English became more and more established in the fields of science and education. Members of the upper society began to promote English language instead of Latin. There was the common claim of taking part in the progress of the Renaissance. The extended use of the English language also caused an increasing national awareness.

To be able to talk about topics regarding sectors formerly dominated by Latin, it was necessary to extend the lexicon of the English language concerning those topics. Therefore, completely new words were created; however, they were to a large extent influenced by Latin - the traditional language of science and culture - but also by other languages such as French. Although traditional scholars were against this tendency, they could not prevent the ongoing process of the enrichment of the vocabulary of the English language: 10,000 to 12,000 new words entered the English lexicon within the period. However, problems occurred in interpreting these new words, as their understanding demanded, for example, skills in Latin. To meet these problems, the first etymological dictionaries were written such as the “Universal Etymological English Dictionary”, “A Table Alphabetical of Hard Words” or “New World of Words”.

2.2. The social position of men and women

In this part of the work we will take a closer look at the men’s and the women’s position in the society of the Early Modern English period for we can rely on our statements later when interpreting the results of the concrete examples.

Education depended on the social background and gender. The rich families of the upper classes had an opportunity to send their children to the public schools, whereas “children of the lower social strata rarely went to school [because their parents could hardly afford it]” (Nevalainen 2003: 41). “Girls had no access to the institutions of higher education [such as universities], but there were some schools for girls and apprenticeship was also available for them, but although only rarely. Prestigious language of law and administration was beyond the reach of the lower orders and women” (Nevalainen 2003: 41). “The level of literacy was […] socially stratified. […] Literacy was more common in towns than in the countryside, and in particular the urban elite, merchants, grocers and haberdashers had literacy rates of around 90 per cent […]. Women’s signature literacy was as low as 1 per cent in 1500 […], and it grew more slowly than men’s” (Nevalainen 2003: 42).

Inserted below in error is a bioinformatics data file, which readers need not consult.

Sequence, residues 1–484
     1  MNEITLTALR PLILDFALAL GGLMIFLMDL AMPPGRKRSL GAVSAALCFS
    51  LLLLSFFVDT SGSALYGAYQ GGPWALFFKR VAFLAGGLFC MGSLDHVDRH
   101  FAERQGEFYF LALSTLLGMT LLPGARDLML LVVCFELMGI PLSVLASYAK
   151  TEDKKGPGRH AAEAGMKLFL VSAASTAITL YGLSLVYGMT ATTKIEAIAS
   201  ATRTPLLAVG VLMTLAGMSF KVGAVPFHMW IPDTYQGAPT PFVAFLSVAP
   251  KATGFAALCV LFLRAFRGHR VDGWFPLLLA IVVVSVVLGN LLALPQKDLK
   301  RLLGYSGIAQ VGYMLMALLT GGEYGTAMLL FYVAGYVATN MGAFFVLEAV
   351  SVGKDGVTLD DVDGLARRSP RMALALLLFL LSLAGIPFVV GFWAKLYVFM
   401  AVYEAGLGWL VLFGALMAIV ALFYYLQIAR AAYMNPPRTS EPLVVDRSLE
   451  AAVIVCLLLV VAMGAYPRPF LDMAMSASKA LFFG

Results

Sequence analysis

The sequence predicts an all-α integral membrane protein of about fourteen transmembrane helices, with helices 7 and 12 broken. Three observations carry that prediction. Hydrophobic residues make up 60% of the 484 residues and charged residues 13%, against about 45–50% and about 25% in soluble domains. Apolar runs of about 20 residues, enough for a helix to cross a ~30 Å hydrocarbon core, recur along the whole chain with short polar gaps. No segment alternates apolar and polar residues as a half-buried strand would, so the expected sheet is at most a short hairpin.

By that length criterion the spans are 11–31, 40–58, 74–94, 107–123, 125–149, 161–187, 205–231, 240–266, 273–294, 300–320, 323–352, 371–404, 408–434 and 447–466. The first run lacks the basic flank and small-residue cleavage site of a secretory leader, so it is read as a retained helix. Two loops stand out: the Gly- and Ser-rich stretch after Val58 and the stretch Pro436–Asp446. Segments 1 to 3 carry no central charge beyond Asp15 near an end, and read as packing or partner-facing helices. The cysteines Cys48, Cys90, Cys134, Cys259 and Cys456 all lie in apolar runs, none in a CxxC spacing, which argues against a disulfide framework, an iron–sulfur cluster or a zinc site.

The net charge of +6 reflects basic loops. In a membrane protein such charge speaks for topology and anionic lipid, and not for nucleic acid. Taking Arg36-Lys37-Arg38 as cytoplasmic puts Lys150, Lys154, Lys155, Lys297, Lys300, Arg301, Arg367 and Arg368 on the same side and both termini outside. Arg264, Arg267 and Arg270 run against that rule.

illustration not visible in this excerpt

Figure 7.1: Illiteracy in England (Jucker 2000: 83)

In contrast to women men were participating and ruling almost all public spheres, “including national and local politics, the economy, the church and the legal system (Nevalainen 2003: 43)”:

Women have no voyse in Parliament, They make no Lawes, they consent to none, they abrogate none. All of them are understood either married or to bee married and their desires or [are] subject to their husband, I know no remedy though some women can shift it well enough. (T.E, [Thomas Edgar?] The Lawes Resolutions of Womens Rights, 1632: 6 (cited in Nevalainen 2003: 114).

Women were identified according to their father’s social position or to the marital status (Nevalainen 2003: 37). Some women could do something on their own, for example, continuing economic activity left by their husbands; they could also move up the social ladder, mostly through marriage (ibid.). Although women did not take part in the high spheres of the public life, they had their own fields of activity. They were, for example, friends and family, streets, taverns, market, church and in case of noble women - Court (Nevalainen 2003: 114). Women were also differentiated by the social rank - from the upper to the lower class and by the marital status in addition. They had not access to the certain areas of public life such as the spheres of learning and professions; therefore, they could not provide language change in these areas (Nevalainen 2003: 131). All in all the inequality between man and women existed at those times, whereas men had more to say.


[1] The information is provided in the seminar “Corpus Linguistics and the History of Language”

SS 2006

Excerpt out of 20 pages


Gender and Language Change
Justus-Liebig-University Giessen  (Institut für Anglistik)
'Corpus Linguistics and the History of English'
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ISBN (eBook)
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1032 KB
The paper contains some graphics on the sociohistorical studies of the language change in the Early Modern English period (EME). The paper provides the diachronic(EME) as well as the synchronic (present-day time) view on the impact of gender on the English language.
Gender, Language, Change, Linguistics, History, English“
Quote paper
Olga Kuzin (Author), 2007, Gender and Language Change, Munich, GRIN Verlag,